'Things That Matter' author and lead Jehmir Nixon (far right) with contributors Jaelynn Pearson and Samuel Smith

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As millions remember Rev. Dr. Martin Luther King Jr.’s achievements, one Philly high-schooler offers the chance to reflect via musical tribute. Jehmir Nixon, a student at Hill-Freedman World Academy in Mt. Airy, wrote and produced a song that promotes speaking out against racial injustices.

The song has a powerful and relatable refrain taken from one of King’s resonant quotes:

“Our lives begin to end the day that we become silent about things that matter.”

Titled “Things That Matter,” the piece began last year as a sample Nixon submitted to fulfill a school assignment. “The song started off as just a small project for Martin Luther King Day that I presented in front of the class,” the 10th grader explained.

After Nixon’s presentation, music teacher Ezechial Thurman encouraged him to expand it into something more. Thanks to COVID restrictions, it would take a full year before the project was completed.

To produce the final song, Thurman drove a backpack recording studio to Jehmir’s home, which included all of the things necessary for recording and producing the track.

“[We] followed all the social distance guidelines, making sure everything was sanitized, and he was able to set up a Logic Pro studio with a decent quality recording mic in his home and take the song all the way to completion,” Thurman said.

Production included mixing in vocals from Jaelynn Pearson, a former student of Thurman’s, who was struck by the song and volunteered to become a background vocalist and be featured in the music video.

“When I heard it, I just thought, ‘Wow this is a powerful message behind a song that someone younger than me wrote,’” Pearson said. “I was just really amazed.”

The video, which also features Nixon’s friend Samuel Smith, was produced with the guidance of World Cafe Live, whose staff members asked each participant to shoot their sections of the video from home using cell phones.

YouTube video

Nixon hopes the song encourages people to speak up on issues they see as wrong, unfair or unjust, and try to bring about positive change.

“As long as people are just sitting back and watching things happen in the world — and not speaking up about it, and doing something about it — there’s not gonna be much of a change to the things around us,” Nixon said. “Don’t be afraid to go out of your comfort zone,” he added.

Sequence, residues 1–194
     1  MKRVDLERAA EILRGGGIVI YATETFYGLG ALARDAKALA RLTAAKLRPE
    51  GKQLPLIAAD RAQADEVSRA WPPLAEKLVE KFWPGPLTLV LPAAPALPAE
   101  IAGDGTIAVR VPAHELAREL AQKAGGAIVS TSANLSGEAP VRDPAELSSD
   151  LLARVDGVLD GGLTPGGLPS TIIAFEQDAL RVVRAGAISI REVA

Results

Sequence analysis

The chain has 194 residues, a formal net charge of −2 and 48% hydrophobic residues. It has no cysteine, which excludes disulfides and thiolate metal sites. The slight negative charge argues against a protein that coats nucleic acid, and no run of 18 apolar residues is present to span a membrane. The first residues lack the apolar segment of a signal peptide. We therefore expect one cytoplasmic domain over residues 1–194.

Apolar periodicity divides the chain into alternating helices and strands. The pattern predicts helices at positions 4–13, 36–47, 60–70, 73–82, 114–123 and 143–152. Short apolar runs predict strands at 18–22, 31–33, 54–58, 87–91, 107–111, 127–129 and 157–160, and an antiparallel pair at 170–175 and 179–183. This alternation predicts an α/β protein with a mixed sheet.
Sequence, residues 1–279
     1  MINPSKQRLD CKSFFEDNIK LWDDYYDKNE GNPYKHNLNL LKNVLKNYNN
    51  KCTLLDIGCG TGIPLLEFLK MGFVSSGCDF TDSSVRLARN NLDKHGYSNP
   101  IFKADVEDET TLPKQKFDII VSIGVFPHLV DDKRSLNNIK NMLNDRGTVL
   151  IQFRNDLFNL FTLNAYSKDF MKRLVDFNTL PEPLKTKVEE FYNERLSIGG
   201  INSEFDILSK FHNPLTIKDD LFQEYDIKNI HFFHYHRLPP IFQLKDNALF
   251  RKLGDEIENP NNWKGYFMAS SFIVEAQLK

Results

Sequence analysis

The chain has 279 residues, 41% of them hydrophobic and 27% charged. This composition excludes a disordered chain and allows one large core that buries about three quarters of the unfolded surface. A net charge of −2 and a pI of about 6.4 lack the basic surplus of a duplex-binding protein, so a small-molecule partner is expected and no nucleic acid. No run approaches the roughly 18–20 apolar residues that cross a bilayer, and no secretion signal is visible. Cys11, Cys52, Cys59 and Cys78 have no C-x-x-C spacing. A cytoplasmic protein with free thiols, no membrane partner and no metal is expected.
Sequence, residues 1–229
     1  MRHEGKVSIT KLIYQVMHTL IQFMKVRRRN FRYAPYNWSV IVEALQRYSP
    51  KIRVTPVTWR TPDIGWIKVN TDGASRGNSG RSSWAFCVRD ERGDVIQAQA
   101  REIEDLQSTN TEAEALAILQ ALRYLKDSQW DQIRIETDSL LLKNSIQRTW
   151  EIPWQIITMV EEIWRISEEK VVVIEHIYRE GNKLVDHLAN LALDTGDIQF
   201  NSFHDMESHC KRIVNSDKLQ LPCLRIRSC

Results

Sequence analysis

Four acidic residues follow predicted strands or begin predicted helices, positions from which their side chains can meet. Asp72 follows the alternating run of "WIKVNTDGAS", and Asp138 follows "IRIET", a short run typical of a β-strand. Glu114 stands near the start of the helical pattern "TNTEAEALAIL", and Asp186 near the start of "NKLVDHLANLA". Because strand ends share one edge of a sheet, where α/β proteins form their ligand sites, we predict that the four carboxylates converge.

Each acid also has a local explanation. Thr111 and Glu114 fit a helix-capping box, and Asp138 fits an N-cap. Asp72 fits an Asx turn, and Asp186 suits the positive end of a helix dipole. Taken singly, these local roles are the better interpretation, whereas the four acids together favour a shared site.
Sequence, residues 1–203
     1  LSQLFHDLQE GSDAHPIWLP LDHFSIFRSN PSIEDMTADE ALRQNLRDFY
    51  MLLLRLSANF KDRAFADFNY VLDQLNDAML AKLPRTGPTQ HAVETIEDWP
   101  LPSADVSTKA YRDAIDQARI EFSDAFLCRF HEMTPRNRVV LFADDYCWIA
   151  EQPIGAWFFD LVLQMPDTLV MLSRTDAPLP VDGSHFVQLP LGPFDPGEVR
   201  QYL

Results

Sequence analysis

Pearson emphasized that the song was created by teenagers, and hoped that would help get the message across.

“If someone happens to see Jehmir’s amazing music video on MLK Day,” she said, “I would hope that they say ‘Oh these are children, these are literal children, and they can see and understand what’s going on in the world and they felt a need to say something about it.’”

You can watch the music video here, and read the lyrics below.

Things That Matter

Our lives begin
To end
The day that we become
About things that matter

Too much negativity in the news
Try to avoid it cause it ruins my mood
I hear it on TV wanna put it on mute
gotta block it out start blasting my tunes

Everyday someone’s killed or abused
Here’s something good now it’s back to drug use
I could accept it all but I’d rather refuse
It’s sad to think that this is something that we’re used to

And it’s all gonna stay the same
Unless you say something
Nothing’s gonna shift or change

Our lives begin
To end
The day that we become
About things that matter

Don’t even get me started on politics
I just let the system do its thing and reap the benefits-
Scratch that, actually it’s more like suffer consequence
people say it’s nothing but a pile of tricks
Government’s made up of procrastinators and hypocrites
I always hear the same thing I’m kind of sick of it
Politicians at each other’s throats throwing stones and sticks

And it’s all gonna stay the same
Unless you say something
Nothing’s gonna shift or change

Our lives begin
To end
The day that we become
About things that matter

I’m really getting tired of hearing of folks like Floyd
Lives lost having to plead from the other side of the void
There’s so many victims of systematic racism
Fightin’ off oppression with vigor — it’s the stoic in ’em

Thirteen years of action was the voice of civil rights
From ’55 to ’68, till King’s demise
Somehow we still ain’t get it right but
Yet we still put up a fight for the rights
For the people tryna stay peaceful but
Bits of anger escaped us
We let it out and now the cops shooting citizens
People burning buildings but
Take an eye for an eye and who gon’ see the future, huh?

Some think in their mind taking innocent people’s lives
Is justifiable ’cause their skin color’s different than mine
Hold up
People from the same race is taking they own sisters and brothers
Flat out killing each other, hatin’ on one another

We say “All lives matter” but the whole meaning’s shattered
‘Cause the words don’t match the actions — it’s chatter
We all part of the same quilt, with different patterns

This cold world would be warmer if we all stick together
A group divided ain’t much of a group at all
A giant ain’t a giant if it don’t stand tall

If I don’t speak up, who else gon’ do it?
If I don’t speak out, who else gon’ do it?
You can complain, or you can make improvements
You can sit around or stand up and start a movement

MLK said it best: Don’t let your lives end

Born and raised in Philly, Lamar Reed is a student at the Community College of Philadelphia. He's an aspiring videographer and writer, who's published stories about a mural celebrating a fire department’s...